Probably because no Wh1te people were involved....

    July 22, 2013 at 1:56 pm |
  4. Pravda

    Probably because no white people were involved....

    July 22, 2013 at 1:55 pm |
  5. Rhaj - Haja Raza

    If I understand, almost every body, and the Catholics are no exception (as referred in the article), is for a "legitimate defense" that may end up in "a lethal blow".

    To my understanding, Trayvon should have seen Zimmerman as an "agressor" and, one scenario or my interpretation, he went on "legitimate defense". Unfortunately for him, Zimmerman, in turn, saw him as the "agressor" and went also on "legitimate defense".

    If think if "lethal blow" (for any reason) is "justified" by faith, or by faith leaders, I think that is very bad for our society, because now everyone feels right, without rationalizing, of doing (eventually) a "lethal blow".

    July 22, 2013 at 1:54 pm |
  6. Pravda

    The "White Churches" said nothing about it because they had nothing to do with it. It was a Hispanic shooting a black person looking for drug money...

    July 22, 2013 at 1:34 pm |
  7. CommonSensed

    And now this is some religious thing.

    Wow – make it into whatever you want to drive your agenda, I guess. From the President to Pastors – I'm surprised no one's blaming global warming on the verdict.

    July 22, 2013 at 1:18 pm |
  8. Lucifer's Evil Twin

    Hey! I can do that too! "Black churches characteristically bellicose after Zimmerman verdict." Can I work at CNN now?

    July 22, 2013 at 11:18 am |
    • Akira

      It can only be an improvement.

      July 22, 2013 at 11:39 am |
  9. Christopher de Vidal

    I wish more white churches would sieze this wonderful opportunity to spread the gospel. Racism is 100% a gospel issue. "I'm better than you because of my ancestry" flies in the face of "At the foot of the cross we are all wicked sinners who need a Savior." Don't agree? See NeedGod dot com

    July 22, 2013 at 10:53 am |
    • Richard Cranium

      A boy was killed and a very controversial decision was put forward, and you think this is an opportunity to spread the God Spell. You should be ashamed.

      July 22, 2013 at 11:15 am |
      • jazzguitarman

        Only confused people feel a "very controversial decision was put forward". From a legal POV, the vast majority of legal experts said that based on the lack of evidence the jury had to find a verdict of not guilty.

        I have no opinon on what happened that night, but the law is the law. At least now the focus is moviing to changing the law instead of saying the jury's decision was flawed.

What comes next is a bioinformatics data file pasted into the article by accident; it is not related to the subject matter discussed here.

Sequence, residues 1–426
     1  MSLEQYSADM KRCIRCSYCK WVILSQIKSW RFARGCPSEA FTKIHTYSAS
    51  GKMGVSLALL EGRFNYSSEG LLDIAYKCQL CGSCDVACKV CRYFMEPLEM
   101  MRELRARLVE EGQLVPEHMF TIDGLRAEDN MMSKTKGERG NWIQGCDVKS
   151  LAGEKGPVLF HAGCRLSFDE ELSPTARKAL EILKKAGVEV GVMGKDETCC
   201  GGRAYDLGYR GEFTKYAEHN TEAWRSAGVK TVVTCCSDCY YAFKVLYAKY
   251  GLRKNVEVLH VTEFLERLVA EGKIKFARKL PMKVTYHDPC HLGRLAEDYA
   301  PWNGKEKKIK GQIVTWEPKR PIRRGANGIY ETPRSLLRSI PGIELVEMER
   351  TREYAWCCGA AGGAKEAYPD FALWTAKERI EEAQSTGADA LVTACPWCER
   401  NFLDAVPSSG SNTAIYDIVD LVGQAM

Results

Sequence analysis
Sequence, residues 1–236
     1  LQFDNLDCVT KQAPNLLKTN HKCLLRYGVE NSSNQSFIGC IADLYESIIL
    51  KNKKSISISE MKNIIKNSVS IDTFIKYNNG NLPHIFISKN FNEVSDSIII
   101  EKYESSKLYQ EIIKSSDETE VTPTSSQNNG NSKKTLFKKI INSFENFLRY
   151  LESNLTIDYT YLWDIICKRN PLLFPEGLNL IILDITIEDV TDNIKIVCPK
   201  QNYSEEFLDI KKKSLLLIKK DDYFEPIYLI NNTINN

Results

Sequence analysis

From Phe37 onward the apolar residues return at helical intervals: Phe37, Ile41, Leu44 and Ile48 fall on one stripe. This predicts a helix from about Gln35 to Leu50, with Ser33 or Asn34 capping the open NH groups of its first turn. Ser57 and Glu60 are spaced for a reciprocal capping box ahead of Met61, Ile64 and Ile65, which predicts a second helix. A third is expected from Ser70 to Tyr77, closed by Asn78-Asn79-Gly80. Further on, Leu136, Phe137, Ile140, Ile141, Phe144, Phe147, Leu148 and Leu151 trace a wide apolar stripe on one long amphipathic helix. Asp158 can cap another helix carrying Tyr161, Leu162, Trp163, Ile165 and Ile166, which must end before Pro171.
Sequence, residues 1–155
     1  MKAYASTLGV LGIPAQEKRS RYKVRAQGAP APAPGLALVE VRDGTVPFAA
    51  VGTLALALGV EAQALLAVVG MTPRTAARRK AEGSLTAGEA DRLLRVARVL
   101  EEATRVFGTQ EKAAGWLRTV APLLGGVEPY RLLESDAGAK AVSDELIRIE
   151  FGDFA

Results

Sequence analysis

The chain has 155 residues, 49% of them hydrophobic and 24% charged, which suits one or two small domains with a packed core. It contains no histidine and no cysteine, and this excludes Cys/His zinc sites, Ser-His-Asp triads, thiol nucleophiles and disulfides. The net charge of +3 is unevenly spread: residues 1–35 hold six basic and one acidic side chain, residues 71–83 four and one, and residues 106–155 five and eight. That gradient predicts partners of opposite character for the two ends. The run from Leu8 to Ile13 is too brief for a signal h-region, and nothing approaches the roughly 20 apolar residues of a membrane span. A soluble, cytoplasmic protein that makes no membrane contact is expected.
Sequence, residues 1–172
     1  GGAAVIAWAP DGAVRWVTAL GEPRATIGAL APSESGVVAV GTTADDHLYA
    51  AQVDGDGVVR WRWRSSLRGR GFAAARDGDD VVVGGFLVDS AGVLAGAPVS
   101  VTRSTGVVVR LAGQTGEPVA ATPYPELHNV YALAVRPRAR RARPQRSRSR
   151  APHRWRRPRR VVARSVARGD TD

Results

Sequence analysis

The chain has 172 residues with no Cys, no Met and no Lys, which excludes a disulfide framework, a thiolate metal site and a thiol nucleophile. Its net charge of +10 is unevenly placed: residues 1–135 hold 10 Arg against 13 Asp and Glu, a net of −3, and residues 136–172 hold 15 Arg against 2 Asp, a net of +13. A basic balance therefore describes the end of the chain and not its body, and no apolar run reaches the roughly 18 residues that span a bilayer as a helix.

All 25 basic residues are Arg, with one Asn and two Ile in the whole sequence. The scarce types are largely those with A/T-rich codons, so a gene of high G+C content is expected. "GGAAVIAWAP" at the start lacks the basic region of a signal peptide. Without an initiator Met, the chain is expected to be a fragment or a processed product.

July 22, 2013 at 3:17 pm |
      • Christopher de Vidal

        The only way to ultimately stop boys being killed IS the gospel. Don't miss the forest!

        July 22, 2013 at 8:17 pm |
  10. Jabari

    Congratulations to everyone who used their "colombo" like skills to solve the case and the OJ case too. Reverend at my Church didn't talk about this because the only thing left is hate driven nonsnense. Hate sells a lot advertising space on websites like this and newspapers. Go figure.

    July 22, 2013 at 10:39 am |
    • Jabari

      My community has BIGGER problems than trials in Florida.

      July 22, 2013 at 11:35 am |
      • Jabari

        And more greiving mothers than you can shake a stick at.

        July 22, 2013 at 11:39 am |
      • Jabari

        Your words ring true. No judgements.

        July 22, 2013 at 12:07 pm |
      • Alias

        I'm really getting tired of the arguement that we can't understand the criminals, so we shouldn't judge them.

        July 22, 2013 at 8:08 pm |
  11. Henryo

    I do NOT belong to any religion, because I DO think.

    However, for all the atheists on these opinion/belief boards that troll, day and night, telling people that they are trying to make the world a better place by knocking down anything that resembles a belief...they are doing NOTHING.

    If you're an atheist and you THINK you want to make a difference consider this: You have this life, and this life ONLY. Live it. get out there and get off your computer and make your ONE life all that it can be, but stop being hypocrites doing nothing but trolling and attacking people. You are making the world a worse place to live; a place that you have to eventually go out into and be greeted by people as nasty as you've made them.